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Legend - object IDs plus links to more info

Data compiled at 1659 UTC on 30 Aug. 2016 for six known objects during a period of seven days from 27 Aug. to 2 Sept. 2016. Orange is for objects with a new JPL orbit solution (usually from new observation).

Chart
ID

Full ID
Period
Closest
Passage
Uncertainty

Status
KE2015 KE15.4 LD  distant
PP272016 PP2758.50 LD  departed
QA22016 QA20.23 LDoutbound intruder
QB112016 QB113.45 LDinbound
QY12016 QY148.3 LD+/- 29 minutes  departed
UV1362012 UV13654.9 LD  distant
DateTfc.Time
27 Aug. '16Rept. Line
28 Aug. '16Rept. Line
29 Aug. '16Rept. Line
30 Aug. '16Rept. Line
31 Aug. '16Rept. Line
1 Sept. '16 Line
2 Sept. '16 Line

Object Details - Skychart objects presented in reverse designation order, newest first
  ("designation assigned to" indicates unofficial discovery credit)

2016 QB11   -   inbound
Approximate diameter23 meters (H=25.799)
Closest Earth approach3.45 LD at 2056 UT on 31 Aug. 2016
Inside ten LD of Earth30 Aug. until 2 Sept. 2016
Data based onJPL SSD orbit solution #2 downloaded from JPL on 30 Aug. 2016 UTC
based on 24 observations spanning one day
Optical observation  
  • reported from 4 observing codes during 1.7032 days: 104, G96, H36, J95
  • designation assigned to Mt. Lemmon Survey observation at 0513 UT 28 Aug. 2016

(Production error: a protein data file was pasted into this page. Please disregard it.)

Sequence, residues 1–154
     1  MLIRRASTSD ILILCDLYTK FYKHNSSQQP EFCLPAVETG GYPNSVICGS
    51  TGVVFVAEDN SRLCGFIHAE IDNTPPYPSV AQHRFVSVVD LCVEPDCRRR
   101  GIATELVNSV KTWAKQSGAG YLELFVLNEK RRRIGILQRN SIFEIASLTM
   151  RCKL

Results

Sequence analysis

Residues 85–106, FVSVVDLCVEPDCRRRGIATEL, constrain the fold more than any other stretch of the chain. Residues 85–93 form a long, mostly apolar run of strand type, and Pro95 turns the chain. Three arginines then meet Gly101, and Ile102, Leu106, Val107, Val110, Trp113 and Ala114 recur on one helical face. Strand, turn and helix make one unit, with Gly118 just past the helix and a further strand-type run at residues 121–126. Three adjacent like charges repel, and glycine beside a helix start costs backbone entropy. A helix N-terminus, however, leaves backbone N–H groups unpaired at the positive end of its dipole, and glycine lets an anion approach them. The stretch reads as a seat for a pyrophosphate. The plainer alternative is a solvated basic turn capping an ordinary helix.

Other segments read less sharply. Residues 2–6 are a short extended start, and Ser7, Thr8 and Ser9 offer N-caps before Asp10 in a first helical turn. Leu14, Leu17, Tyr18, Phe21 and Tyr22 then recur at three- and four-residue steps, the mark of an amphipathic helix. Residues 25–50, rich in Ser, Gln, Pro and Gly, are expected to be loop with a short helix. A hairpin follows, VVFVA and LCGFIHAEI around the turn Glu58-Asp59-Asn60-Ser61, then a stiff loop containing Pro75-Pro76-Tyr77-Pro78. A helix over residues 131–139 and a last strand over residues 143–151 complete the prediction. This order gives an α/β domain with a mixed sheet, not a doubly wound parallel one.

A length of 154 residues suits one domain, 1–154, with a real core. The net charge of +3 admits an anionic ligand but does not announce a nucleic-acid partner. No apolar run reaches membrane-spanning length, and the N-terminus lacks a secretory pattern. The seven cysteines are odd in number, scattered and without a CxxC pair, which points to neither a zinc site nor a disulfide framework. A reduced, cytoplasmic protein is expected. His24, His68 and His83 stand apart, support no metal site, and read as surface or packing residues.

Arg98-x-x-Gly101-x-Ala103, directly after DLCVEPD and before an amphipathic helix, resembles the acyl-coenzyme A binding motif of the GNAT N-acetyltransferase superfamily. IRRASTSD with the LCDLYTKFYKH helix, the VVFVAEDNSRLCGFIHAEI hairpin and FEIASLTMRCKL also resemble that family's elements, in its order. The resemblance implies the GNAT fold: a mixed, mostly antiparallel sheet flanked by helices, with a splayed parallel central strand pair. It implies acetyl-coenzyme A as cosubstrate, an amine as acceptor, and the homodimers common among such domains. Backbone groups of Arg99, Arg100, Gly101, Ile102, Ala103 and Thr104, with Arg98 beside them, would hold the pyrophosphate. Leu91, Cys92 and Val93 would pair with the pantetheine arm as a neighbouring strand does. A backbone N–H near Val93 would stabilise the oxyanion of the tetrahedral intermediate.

• last observed at 2206 UT on 29 Aug. 2016 by Great Shefford Obs.
Links  
2016 QA2   -   outbound intruder
Approximate diameter31 meters (H=25.177)
Closest Earth approach0.23 LD at 0125 UT on 28 Aug. 2016
Inside Earth-Moon system1458 on 27 Aug. until 1151 UT on 28 Aug. 2016
Inside Earth SOI26 to 29 Aug. 2016
Inside ten LD of Earth23 Aug. until 1 Sept. 2016
Closest Moon approach1.01 LD at 0240 UT on 28 Aug. 2016
Data based onJPL SSD orbit solution #4 downloaded from JPL on 30 Aug. 2016 UTC
based on 80 observations spanning 2 days
Optical observation  
  • reported from 9 observing codes during 2.5644 days: 104, B49, C47, E23, G34, J95, L04, Q62, Y00
  • designation assigned to SONEAR observation at 0612 UT 27 Aug. 2016
  • last observed at 1945 UT on 29 Aug. 2016 by San Marcello Pistoiese Obs.
Links  
2016 QY1   -     departed
Approximate diameter75 meters (H=23.283)
Closest Earth approach7.24 LD at 0329 UT on 10 Aug. 2016 - Note: JPL reports an approach uncertainty of +/- 29 minutes
Inside ten LD of Earth7 to 12 Aug. 2016
Data based onJPL SSD orbit solution #3 downloaded from JPL on 30 Aug. 2016 UTC
based on 53 observations spanning 3 days
Optical observation  
  • reported from 13 observing codes during 3.3475 days: 160, 204, 246, 291, 595, B49, C43, D29, E23, G96, J22, L04, Q64
  • designation assigned to Mt. Lemmon Survey observation at 0805 UT 26 Aug. 2016
  • last observed at 1625 UT on 29 Aug. 2016 by Purple Mtn. Obs. Xuyi Station
Links  
2016 PP27   -     departed
Approximate diameter64 meters (H=23.627)
Closest Earth approach9.92 LD at 0141 UT on 4 Aug. 2016
Inside ten LD of Earth3 to 4 Aug. 2016
Data based onJPL SSD orbit solution #5 downloaded from JPL on 30 Aug. 2016 UTC
based on 25 observations spanning 20 days
Optical observation  
  • reported from 5 observing codes during 19.6909 days: 807, 900, E23, F51, X13
  • designation assigned to Pan-STARRS 1 observation at 1110 UT 9 Aug. 2016
  • last observed at 0345 UT on 29 Aug. 2016 by Robert Holmes via Cerro Tololo Inter-American Obs.
Links  
2015 KE   -     distant